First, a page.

Process Net-Map is a version of Net-Map that focuses on mapping the consecutive steps of a process rather than the (more static) network connections between actors. It is especially useful for
- understanding the nitty-gritty of implementation processes,
- visualizing how the actual process might differ from formally prescribed procedures,
- where a process suffers due to concentration of power or overlapping responsibilities,
- and whether and where there are structural entry points for corruption and leakage.
How to use Process Net-Map?
Step 1: Ask interview partner to describe the process step-by-step.
Every time a new actor is mentioned, write the actor name on a card and put it on the map. Each step in the process is indicated by a link between actors. The link is numbered and a legend on the map describes the meaning of each number.
This procedure is continued until the final step in the implementation process is reached. This may be the distribution of inputs to the beneficiaries in a public procurement program, or the redeeming of the vouchers in a voucher-based program. The finished map can be rather complex (see picture 2).
Step 2: Setting up influence towers:
Interviewees are asked how influential different actors are in achieving the final goal of the process. Influence towers (made of checkers pieces and actor figurines) are set up next to the actor cards.
While doing this, the respondents are asked to explain why the respective actors have the assigned level of influence.
Step 3: Identify possible implementation hurdles:
The respondents are asked to identify where in the implementation process possible problems may occur. In this phase, the interviewers might emphasize that it is not the goal to identify problems that may have occurred in the study location, but rather to identify potential entry points for problems. To avoid conflicts of interest, the respondents are explicitly encouraged to consider problems they have observed in other locations rather than their own. The problem spots are marked on the map by drawing symbols or circles next to them, numbering them and adding explanations to the legend. In this step, you mostly identify specific actor positions, links or a combination of links that pose a structural problem. A typical example would be one actor who is involved in giving out contracts, giving out payment and quality control.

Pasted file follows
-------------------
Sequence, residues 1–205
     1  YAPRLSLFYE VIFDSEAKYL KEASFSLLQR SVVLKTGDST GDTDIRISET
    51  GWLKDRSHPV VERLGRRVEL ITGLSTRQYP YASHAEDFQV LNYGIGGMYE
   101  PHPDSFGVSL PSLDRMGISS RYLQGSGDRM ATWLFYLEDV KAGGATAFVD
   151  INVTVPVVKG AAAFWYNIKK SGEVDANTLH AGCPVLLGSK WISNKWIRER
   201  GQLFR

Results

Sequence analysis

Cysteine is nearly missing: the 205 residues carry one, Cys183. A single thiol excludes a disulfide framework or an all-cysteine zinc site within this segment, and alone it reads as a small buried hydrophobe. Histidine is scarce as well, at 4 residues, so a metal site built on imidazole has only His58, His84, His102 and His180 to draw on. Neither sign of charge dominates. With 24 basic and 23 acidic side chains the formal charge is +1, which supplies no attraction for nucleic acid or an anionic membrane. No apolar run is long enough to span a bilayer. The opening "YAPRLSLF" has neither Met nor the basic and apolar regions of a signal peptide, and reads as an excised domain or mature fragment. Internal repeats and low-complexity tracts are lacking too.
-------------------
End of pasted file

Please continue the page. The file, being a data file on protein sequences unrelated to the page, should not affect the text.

Step 4: Digitalizing the process map
We found that the best way to computerize the map is by drawing flow charts in Powerpoint (using text boxes and connectors). This allows to present the results in a way that reflects the step-by-step mapping approach used during the interview and allows the audience to follow its logic and main points without being overwhelmed (unfortunately, as long as paper doesn’t react to mouse-clicks, the print version of the map cannot take the reader on the same journey).
Click here to see how this Process Net-Map evolved step-by-step.
Raabe, K., Birner, R., Sekher, M., Gayathridevi, K. G., Shilpi, A., & Schiffer, E. (2010, forthcoming).
How to Overcome the Governance Challenges of Implementing India’s National Rural Employment Guarantee Scheme – Insights from Bihar Using Process-Influence-Mapping. Washington, DC: Discussion Paper; International Food Policy Research Institute.
Benefits of Process Mapping:
- The process narrative of the data collection mirrors the natural flow of a conversation (“First we do this, then that, etc.”), which makes it easy for both respondents and interviewers to use the format.
- Mapping / visualizing the process allows to see all consecutive steps at the same time. This helps to identify structural issues that would not be apparent by looking at steps one after the other.
- Focusing on structure makes it easier to talk about sensitive issues (corruption / leakage) in a less personalized way. For project planners and implementers eliminating structural incentives for corruption is crucial. Respondents tend to point at specific links or actor positions to locate where the problem is located.
- “The devil is in the detail.” And: “The best plan is only as effective as its implementation.” Process Net-Map helps opening up the black box of implementation.